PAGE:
Shor, Y., Wiesner, S., Tsach, T., Gurel, R. & Yekutieli Y. (2018). Inherent variation in multiple shoe-sole test impressions. Forensic Science International, 285, 189-203.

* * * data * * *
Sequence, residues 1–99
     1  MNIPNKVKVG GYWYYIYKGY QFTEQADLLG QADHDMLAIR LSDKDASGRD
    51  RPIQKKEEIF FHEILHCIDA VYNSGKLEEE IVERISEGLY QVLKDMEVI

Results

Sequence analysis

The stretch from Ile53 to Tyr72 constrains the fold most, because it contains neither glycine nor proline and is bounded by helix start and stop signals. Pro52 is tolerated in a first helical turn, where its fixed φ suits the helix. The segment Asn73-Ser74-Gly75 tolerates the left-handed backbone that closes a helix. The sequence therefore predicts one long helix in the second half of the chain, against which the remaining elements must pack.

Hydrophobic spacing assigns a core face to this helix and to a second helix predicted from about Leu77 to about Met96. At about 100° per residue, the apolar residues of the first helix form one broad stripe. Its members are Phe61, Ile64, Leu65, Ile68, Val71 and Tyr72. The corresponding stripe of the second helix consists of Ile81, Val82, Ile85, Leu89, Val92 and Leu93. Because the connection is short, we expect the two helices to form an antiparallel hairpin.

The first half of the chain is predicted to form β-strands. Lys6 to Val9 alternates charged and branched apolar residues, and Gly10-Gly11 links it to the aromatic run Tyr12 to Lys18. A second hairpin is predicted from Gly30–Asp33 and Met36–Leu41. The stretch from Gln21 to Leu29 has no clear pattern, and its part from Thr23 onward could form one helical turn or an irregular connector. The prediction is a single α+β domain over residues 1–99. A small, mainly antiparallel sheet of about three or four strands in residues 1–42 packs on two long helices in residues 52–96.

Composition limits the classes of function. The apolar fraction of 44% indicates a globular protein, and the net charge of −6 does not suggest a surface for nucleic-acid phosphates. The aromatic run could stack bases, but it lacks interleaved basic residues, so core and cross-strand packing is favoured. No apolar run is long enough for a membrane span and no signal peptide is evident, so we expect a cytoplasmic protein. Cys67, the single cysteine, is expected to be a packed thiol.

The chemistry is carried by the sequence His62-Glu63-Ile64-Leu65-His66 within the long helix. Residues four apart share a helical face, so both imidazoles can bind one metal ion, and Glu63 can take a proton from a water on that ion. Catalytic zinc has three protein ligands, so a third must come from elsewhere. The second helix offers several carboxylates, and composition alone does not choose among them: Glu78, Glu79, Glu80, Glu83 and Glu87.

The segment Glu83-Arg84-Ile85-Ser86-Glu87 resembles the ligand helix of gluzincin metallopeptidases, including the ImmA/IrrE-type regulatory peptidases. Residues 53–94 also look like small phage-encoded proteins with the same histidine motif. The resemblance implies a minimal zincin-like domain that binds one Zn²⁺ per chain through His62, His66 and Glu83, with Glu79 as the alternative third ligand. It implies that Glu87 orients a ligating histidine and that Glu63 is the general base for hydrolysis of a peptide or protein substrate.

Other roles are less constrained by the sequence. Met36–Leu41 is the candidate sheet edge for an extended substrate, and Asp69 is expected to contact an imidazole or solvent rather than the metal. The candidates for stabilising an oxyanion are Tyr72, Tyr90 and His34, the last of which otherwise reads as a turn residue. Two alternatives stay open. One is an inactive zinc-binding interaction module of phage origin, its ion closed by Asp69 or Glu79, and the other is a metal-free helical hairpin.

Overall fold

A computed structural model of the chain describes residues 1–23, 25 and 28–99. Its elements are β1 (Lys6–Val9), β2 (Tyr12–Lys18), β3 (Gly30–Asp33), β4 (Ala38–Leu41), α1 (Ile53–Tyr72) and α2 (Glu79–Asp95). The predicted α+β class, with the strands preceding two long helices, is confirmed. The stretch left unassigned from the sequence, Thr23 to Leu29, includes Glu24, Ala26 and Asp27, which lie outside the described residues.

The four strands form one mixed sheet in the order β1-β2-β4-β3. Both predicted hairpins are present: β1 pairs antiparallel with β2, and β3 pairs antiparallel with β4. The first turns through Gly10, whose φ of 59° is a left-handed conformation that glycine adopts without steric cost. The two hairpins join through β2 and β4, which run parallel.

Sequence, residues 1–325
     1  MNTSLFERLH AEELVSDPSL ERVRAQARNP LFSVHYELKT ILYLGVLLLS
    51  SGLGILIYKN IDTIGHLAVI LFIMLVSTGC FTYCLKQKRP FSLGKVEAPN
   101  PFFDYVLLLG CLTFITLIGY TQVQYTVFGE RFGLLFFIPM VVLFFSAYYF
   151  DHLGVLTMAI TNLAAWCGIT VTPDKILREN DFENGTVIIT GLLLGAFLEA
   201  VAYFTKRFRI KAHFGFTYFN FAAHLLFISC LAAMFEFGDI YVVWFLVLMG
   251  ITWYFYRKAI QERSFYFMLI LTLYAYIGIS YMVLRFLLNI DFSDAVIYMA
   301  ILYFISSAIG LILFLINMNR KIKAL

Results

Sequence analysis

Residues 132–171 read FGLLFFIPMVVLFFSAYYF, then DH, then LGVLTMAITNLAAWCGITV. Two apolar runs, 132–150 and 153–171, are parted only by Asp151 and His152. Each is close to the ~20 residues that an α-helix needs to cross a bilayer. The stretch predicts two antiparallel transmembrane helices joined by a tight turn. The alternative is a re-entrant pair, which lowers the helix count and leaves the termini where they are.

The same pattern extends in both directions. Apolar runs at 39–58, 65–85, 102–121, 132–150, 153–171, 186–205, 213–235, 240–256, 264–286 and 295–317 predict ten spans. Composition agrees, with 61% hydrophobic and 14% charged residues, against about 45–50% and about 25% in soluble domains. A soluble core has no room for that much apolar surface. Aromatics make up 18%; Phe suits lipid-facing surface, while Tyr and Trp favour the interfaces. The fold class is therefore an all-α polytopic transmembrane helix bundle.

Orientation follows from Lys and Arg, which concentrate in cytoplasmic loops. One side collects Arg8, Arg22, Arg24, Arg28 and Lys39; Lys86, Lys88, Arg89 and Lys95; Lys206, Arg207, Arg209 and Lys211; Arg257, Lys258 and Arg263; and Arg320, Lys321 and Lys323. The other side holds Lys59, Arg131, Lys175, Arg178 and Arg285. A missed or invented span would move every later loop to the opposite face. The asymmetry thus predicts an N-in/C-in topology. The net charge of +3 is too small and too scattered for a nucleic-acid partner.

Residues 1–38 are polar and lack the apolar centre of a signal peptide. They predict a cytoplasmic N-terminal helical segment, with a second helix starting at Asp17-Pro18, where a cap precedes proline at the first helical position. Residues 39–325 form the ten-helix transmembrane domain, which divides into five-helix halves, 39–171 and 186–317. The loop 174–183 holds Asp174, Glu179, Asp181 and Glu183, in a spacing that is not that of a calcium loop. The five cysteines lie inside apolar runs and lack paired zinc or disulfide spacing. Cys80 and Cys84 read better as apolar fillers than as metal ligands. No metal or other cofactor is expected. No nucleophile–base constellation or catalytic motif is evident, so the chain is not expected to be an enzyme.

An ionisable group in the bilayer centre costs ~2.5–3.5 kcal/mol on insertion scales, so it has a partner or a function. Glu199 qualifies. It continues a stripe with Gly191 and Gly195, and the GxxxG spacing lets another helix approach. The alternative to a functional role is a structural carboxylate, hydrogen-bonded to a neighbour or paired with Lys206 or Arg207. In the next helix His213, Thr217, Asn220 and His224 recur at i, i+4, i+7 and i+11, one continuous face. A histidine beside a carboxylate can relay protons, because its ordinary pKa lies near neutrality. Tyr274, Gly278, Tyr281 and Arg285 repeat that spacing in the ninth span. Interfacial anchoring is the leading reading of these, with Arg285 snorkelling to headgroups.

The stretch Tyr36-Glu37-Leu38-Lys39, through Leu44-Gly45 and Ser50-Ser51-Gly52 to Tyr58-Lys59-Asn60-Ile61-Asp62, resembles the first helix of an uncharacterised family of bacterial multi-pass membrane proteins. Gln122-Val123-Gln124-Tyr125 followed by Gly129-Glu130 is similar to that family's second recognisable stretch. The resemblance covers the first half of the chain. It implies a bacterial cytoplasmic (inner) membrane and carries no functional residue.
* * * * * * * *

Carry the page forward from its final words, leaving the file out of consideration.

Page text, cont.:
Shoeprints left at crime scenes are seldom perfect. Many prints are distorted or contaminated by various materials. Noisy background often contributes to vagueness on the shoeprints as well. Test impressions made from the suspect's shoes in the laboratory are considered a genuine replication of the shoe-sole. This naïve attitude is far from being correct. Consecutive test impressions made in the laboratory under strict similar conditions revealed differences among the exemplars of the same sole. Some of them are minor, but some are major, and can mislead the less experienced practitioners during the comparison process. This article focuses on the inherent within source variability between controlled shoeprints made from the same shoe, as it appears on the RACs. To describe and analyze this variability, repeated test impressions were prepared, and datasets were created. Several RACs were marked on each test impression, using an expert assisting software tool (developed in the authors' lab). The variance in repeated test impressions is demonstrated and possible sources are discussed. This variance should be considered when trying to establish the degree of matching between individual characteristics.